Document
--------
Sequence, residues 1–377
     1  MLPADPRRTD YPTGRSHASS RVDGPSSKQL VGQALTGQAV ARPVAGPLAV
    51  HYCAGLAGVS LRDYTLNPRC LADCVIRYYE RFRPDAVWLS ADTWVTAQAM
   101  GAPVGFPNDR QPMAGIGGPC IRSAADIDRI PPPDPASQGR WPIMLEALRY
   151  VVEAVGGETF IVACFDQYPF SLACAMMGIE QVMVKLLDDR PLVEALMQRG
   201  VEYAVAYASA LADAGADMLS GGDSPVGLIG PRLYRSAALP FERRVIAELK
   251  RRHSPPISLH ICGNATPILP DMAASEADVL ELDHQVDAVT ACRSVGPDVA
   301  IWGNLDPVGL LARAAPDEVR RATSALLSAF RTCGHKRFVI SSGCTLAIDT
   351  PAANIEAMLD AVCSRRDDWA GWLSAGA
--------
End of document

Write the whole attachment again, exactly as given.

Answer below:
Sequence, residues 1–377
     1  MLPADPRRTD YPTGRSHASS RVDGPSSKQL VGQALTGQAV ARPVAGPLAV
    51  HYCAGLAGVS LRDYTLNPRC LADCVIRYYE RFRPDAVWLS ADTWVTAQAM
   101  GAPVGFPNDR QPMAGIGGPC IRSAADIDRI PPPDPASQGR WPIMLEALRY
   151  VVEAVGGETF IVACFDQYPF SLACAMMGIE QVMVKLLDDR PLVEALMQRG
   201  VEYAVAYASA LADAGADMLS GGDSPVGLIG PRLYRSAALP FERRVIAELK
   251  RRHSPPISLH ICGNATPILP DMAASEADVL ELDHQVDAVT ACRSVGPDVA
   301  IWGNLDPVGL LARAAPDEVR RATSALLSAF RTCGHKRFVI SSGCTLAIDT
   351  PAANIEAMLD AVCSRRDDWA GWLSAGA